In my dreams I received a silver o'kesa with red stars. A teacher help me put it on and it felt too tight. My old teacher sat at his seat and called for help. His robes where shredding as he sat there. Even in my dream I knew this o'kesa was the wrong color for me. Red is generally a forbidden color; silver is not the color of your first o'kesa.
Then the sun was up and I slammed into the manure pile with tractor bucket. How many flies! I turned water on for our garlic and crushed the shell of a snail. I thought she'd be okay but with a gush of fluid she lost her grip on the standpipe and tumbled down into the grass.
The temple wants me- or needs me- in the fields and in the zendo. There's tension there. The fields and the zendo aren't communicating like they should. The planting season is coming on strong, it will be here with 15,000 eager baby vegetables with just 12 hands to plant them in. Simultaneously we will harvest, go to market, manage water through trouble shooting 7 acres worth of 40 year old irrigation pipes hidden under clay earth. The pumps are relics from the 50's. We get them going with our hearts and ears- there's a sound we shoot for to know that the pressure is right. It's intimacy, not intellect, that allows us to run them. Who knew? It's a kind of compassion and a kind of begging.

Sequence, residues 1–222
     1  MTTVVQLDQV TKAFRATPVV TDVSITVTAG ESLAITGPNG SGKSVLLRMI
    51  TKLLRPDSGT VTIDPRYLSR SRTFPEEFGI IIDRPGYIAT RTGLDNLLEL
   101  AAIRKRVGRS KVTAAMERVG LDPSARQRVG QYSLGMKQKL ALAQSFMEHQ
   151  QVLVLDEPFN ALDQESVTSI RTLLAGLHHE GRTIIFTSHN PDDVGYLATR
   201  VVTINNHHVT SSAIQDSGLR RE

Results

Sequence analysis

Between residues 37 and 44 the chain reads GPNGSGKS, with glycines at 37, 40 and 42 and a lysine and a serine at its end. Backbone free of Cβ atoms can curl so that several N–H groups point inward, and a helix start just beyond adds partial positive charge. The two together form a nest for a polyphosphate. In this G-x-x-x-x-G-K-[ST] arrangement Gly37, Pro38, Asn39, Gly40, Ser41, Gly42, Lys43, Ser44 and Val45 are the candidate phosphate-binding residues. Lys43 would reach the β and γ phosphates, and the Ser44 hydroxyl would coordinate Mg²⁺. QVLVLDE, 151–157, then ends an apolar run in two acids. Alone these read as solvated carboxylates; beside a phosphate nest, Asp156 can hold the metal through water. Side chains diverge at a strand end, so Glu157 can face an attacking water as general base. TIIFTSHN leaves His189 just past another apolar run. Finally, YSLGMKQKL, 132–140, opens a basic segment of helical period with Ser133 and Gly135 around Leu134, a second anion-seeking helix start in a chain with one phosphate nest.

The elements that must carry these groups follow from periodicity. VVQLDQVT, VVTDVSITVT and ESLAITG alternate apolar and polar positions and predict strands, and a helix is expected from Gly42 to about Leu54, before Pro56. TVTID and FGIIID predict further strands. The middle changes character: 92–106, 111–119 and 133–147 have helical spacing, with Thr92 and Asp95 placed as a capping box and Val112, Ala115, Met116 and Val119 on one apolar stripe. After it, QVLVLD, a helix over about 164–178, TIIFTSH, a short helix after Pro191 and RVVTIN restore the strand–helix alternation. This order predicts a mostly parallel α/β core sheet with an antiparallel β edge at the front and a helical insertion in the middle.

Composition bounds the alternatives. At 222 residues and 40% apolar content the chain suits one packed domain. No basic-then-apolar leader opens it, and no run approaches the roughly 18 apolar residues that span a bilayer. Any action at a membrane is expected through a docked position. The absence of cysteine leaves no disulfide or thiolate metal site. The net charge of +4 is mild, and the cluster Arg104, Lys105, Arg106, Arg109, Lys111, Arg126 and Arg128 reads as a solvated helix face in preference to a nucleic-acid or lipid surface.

And the dark zendo, an old barn with a 16th century Manjurshri from China and a chunk of mastodon from our fields, sits. This is it, this isn't it, and what is it fall like dust motes in the candle light. When we chant, we try to find harmony. It's up, it's down, it's you, it's me, stomach and ears come together to make one voice.
We don't really know what we're saying but we say it anyway. We don't really know how to bow but we practice everyday.
What should I say about the Lotus sutra that the Lotus sutra doesn't say itself?